Of course, once I left college life took another turn and I landed back in the world of computers {back then they would take people with no programming skills but good logic/maths and train you from zero}. But I already knew how to program and that gave me a bit of help in my first job. I could spend more time than my colleagues could worrying about how to be an adult rather than how to start programming. I might be able to program, I’m still struggling with being an adult.

Update – as Niall points out in his comment, things are now improving at schools AND colleges. What originally prompted this was a discussion I had with a friend who had just finished his computing course at college. The course was about computer games. And had involved no programming elements at all, it was all about design, marketing, testing, running a business… I was stunned. I then made some comment about at least he would have learnt about programming at school, but no, he had not. I was stunned again. But he knew that it was coming back – as covered so well by Niall.

I suspect the Raspberry Pi has helped too, though most people I know who have bought one are, well, mid-40’s people who did programming at school…

DBMS_APPLICATION_INFO for Instrumentation September 3, 2012

Posted by mwidlake in development, Instrumentation, performance.
Tags: , , , ,
24 comments

I just wanted to put up a post about DBMS_APPLICATION_INFO. This is a fantastic little built-in PL/SQL package that Oracle has provided since Oracle 8 to allow you to instrument your code. i.e record what it is doing. I’m a big fan of DBMS_APPLICATION_INFO and have used it several times to help identify where in an application time is being spent and how that pattern of time has altered.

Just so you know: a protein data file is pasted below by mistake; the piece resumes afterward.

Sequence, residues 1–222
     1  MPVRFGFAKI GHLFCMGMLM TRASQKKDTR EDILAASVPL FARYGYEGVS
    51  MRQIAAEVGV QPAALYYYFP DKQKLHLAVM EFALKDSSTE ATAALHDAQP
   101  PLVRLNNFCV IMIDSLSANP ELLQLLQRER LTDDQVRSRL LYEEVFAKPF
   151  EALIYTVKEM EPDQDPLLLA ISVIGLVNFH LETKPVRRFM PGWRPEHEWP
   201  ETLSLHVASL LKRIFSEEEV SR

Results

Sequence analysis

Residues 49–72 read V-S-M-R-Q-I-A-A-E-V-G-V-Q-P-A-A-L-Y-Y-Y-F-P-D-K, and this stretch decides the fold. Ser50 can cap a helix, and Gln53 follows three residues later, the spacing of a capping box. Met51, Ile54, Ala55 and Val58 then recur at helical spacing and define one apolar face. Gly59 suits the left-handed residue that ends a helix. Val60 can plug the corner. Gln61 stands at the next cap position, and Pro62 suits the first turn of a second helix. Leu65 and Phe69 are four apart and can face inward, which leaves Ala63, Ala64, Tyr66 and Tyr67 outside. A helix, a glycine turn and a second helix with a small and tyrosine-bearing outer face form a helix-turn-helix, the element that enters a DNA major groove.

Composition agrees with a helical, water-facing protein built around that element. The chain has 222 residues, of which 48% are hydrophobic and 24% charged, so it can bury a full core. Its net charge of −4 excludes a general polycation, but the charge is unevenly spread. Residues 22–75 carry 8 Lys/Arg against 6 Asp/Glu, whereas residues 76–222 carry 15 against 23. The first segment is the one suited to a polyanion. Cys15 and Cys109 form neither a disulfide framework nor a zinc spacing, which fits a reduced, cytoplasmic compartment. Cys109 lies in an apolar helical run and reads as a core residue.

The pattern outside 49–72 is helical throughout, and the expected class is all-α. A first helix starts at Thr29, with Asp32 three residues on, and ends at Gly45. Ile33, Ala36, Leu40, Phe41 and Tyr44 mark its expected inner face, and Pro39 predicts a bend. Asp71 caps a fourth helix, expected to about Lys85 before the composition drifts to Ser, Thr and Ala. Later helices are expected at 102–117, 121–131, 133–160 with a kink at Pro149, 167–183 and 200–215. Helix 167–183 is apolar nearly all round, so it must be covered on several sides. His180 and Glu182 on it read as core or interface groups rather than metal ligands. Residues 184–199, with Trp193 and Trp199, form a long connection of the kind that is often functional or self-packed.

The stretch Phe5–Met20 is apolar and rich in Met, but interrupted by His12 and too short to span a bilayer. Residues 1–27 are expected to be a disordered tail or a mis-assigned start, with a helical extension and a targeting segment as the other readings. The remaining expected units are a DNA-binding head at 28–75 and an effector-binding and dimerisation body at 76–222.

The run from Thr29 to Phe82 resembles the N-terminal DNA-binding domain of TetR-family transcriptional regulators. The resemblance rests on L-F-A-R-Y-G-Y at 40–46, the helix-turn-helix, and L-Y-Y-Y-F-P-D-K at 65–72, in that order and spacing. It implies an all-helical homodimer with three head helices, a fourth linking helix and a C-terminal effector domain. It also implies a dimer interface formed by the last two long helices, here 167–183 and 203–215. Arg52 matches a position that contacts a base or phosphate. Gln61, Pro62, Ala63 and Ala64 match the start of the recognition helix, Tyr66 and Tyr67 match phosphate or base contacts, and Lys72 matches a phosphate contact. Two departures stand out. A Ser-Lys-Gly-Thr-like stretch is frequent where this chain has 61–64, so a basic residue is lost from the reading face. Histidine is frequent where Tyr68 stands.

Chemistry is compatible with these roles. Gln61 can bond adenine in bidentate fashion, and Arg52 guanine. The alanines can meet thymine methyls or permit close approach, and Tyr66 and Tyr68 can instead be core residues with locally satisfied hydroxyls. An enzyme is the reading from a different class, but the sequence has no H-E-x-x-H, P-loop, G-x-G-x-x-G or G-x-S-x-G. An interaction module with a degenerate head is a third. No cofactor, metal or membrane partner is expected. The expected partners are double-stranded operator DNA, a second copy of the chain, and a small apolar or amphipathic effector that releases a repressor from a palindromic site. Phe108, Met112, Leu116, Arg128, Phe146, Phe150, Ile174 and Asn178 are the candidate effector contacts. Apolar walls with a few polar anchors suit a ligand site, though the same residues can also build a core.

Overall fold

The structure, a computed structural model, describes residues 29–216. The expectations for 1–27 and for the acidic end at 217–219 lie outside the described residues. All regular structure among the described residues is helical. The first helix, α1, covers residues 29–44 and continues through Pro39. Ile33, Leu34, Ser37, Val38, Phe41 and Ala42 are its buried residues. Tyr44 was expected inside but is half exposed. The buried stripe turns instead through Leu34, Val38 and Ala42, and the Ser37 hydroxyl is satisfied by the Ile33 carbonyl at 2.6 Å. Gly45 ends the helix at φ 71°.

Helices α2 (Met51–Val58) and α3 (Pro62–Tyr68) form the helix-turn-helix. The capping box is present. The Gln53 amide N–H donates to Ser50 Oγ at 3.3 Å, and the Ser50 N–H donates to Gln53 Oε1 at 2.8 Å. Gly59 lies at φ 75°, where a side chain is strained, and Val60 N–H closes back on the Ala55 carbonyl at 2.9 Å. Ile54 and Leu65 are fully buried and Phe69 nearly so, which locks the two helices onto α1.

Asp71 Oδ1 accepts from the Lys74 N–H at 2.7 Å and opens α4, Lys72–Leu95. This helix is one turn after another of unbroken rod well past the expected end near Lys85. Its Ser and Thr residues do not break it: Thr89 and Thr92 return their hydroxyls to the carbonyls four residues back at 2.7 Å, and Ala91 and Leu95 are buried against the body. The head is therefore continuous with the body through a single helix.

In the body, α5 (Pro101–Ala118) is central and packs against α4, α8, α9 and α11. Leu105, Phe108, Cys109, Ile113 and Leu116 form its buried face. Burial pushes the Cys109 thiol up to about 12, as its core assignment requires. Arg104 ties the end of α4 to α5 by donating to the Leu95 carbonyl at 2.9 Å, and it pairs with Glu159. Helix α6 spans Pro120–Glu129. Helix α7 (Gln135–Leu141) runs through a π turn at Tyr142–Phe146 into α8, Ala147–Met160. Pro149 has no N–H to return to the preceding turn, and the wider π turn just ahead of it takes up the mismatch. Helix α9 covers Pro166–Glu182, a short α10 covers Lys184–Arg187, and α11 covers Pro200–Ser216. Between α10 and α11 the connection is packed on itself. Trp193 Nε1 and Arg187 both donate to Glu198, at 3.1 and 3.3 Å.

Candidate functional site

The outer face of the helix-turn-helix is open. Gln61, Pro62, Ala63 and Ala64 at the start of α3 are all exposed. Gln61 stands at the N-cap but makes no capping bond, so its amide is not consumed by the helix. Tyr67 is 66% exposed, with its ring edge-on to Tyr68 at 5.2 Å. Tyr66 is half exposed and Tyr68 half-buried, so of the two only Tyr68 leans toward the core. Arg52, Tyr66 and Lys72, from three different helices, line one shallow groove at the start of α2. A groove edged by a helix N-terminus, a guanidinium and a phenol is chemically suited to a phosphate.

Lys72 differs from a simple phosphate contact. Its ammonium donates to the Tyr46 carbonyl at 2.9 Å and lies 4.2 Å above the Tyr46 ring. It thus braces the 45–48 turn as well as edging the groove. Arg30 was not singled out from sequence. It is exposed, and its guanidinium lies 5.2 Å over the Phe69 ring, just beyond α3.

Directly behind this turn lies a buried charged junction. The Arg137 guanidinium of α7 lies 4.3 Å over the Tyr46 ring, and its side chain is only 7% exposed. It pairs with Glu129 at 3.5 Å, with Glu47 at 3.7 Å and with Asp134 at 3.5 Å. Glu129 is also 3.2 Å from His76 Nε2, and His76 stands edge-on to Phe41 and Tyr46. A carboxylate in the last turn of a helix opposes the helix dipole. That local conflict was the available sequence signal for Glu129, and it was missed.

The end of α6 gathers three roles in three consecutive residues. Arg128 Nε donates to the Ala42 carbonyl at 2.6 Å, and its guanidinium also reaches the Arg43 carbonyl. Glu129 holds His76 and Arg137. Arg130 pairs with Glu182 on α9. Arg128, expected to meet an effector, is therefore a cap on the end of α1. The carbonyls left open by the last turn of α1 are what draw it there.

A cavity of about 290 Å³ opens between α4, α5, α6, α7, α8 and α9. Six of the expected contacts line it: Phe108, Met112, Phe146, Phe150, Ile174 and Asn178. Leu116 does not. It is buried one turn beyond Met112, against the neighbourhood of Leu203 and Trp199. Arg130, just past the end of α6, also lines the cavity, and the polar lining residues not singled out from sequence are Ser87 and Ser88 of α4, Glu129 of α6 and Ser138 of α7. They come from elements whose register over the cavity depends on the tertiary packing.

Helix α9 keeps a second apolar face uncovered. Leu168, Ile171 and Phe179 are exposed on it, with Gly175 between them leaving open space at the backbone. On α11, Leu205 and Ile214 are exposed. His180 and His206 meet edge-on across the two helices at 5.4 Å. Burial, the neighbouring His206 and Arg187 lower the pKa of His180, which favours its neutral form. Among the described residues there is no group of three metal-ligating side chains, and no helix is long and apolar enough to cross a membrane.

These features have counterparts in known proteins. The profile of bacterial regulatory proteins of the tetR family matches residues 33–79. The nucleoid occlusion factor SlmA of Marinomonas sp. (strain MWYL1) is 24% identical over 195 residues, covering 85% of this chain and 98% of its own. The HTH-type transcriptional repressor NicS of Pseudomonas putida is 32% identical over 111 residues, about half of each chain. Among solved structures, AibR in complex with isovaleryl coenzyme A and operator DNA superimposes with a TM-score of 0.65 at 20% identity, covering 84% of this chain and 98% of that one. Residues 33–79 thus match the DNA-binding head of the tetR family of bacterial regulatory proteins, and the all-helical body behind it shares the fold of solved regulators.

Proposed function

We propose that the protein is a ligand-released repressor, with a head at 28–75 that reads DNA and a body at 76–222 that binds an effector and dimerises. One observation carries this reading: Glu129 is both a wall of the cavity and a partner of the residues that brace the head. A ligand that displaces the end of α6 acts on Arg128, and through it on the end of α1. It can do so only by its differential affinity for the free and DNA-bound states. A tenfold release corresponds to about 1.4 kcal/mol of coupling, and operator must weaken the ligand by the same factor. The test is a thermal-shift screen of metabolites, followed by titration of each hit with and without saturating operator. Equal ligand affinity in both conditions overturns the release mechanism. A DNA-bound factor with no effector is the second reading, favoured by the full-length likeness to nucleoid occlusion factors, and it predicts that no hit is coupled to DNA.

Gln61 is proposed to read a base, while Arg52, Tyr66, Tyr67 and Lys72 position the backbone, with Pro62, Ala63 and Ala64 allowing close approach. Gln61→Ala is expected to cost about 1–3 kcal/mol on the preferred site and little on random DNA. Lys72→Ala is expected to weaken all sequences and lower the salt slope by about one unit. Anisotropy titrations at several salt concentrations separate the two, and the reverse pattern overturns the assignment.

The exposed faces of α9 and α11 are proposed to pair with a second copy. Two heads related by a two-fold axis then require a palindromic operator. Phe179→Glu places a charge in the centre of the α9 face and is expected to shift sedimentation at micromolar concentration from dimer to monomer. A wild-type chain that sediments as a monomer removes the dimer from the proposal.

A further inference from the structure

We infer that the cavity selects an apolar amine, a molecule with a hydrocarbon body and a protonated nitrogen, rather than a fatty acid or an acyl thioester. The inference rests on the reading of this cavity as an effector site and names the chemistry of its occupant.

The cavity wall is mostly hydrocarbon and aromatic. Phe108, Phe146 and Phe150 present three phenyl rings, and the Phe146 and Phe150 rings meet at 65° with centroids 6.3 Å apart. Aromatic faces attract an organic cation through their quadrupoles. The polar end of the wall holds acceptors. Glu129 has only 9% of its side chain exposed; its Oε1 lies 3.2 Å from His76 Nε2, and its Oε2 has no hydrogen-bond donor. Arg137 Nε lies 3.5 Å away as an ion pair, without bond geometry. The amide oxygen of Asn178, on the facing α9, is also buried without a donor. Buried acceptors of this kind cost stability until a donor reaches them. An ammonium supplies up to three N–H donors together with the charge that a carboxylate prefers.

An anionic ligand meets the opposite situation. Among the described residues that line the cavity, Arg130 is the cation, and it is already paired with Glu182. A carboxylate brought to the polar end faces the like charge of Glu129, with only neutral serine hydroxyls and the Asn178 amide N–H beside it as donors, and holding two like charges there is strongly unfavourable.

Some PL/SQL developers use it and some don’t. It seems to me that it’s use comes down to where you work, as most PL/SQL developers are aware of it – but not everyone uses it (a friend of mine made the comment recently that “all good PL/SQL developers use it“. I can understand his point but don’t 100% agree).

It is incredibly easy to use. You use the procedures SET_MODULE(module_name,action_name), SET_ACTION(action_name) and SET_CLIENT_INFO(client_info) to set the values of the corresponding columns in V$SESSION for your current session. This is done in memory, there is no inserting or updating of any table rows, so it is incredibly quick and light-weight. The below shows a subset of V$SESSION including the columns that get set:

desc v$session
Name Null? Type
----------------------------------------- -------- ----------------
SADDR RAW(8)
SID NUMBER
SERIAL# NUMBER
AUDSID NUMBER
PADDR RAW(8)
USER# NUMBER
USERNAME VARCHAR2(30)
COMMAND NUMBER
...
MODULE VARCHAR2(64)
MODULE_HASH NUMBER
ACTION VARCHAR2(64)
ACTION_HASH NUMBER
CLIENT_INFO VARCHAR2(64)
...

Just something odd to note. MODULE, ACTION and CLIENT_INFO are shown at VC(64) but if you check the documentation you will see that:

MODULE is limited to 48 bytes
ACTION is limited to 32 bytes
CLIENT_INFO can be set to the whole 64 bytes

I have no idea why MODULE and ACTION are limited in this way but it might be historic, backward compatibility with prior versions.

As a quick example of their use:

test_11_2> --demo_dai.sql
test_11_2> -- quick demo of dbms_application_info
test_11_2> COL sid form 9999
test_11_2> col username form a12
test_11_2> col module form a18
test_11_2> col action form a22
test_11_2> col client_info form a15
test_11_2> -- set module and action
test_11_2> EXEC DBMS_APPLICATION_INFO.SET_MODULE(MODULE_NAME=>'SALES_LOAD',ACTION_NAME=>'VALIDATE_ALL_PRICES')
test_11_2> select sid,username,module,action,client_info from v$session where sid=650;

SID USERNAME MODULE ACTION CLIENT_INFO
----- ------------ ------------------ ---------------------- ---------------
650 ERIC SALES_LOAD VALIDATE_ALL_PRICES
test_11_2> --
test_11_2> -- Update the action within a module
test_11_2> EXEC DBMS_APPLICATION_INFO.SET_ACTION(ACTION_NAME=>'Update all Prices')
test_11_2> select sid,username,module,action,client_info from v$session where sid=650;

SID USERNAME MODULE ACTION CLIENT_INFO
----- ------------ ------------------ ---------------------- ---------------
650 ERIC SALES_LOAD Update all Prices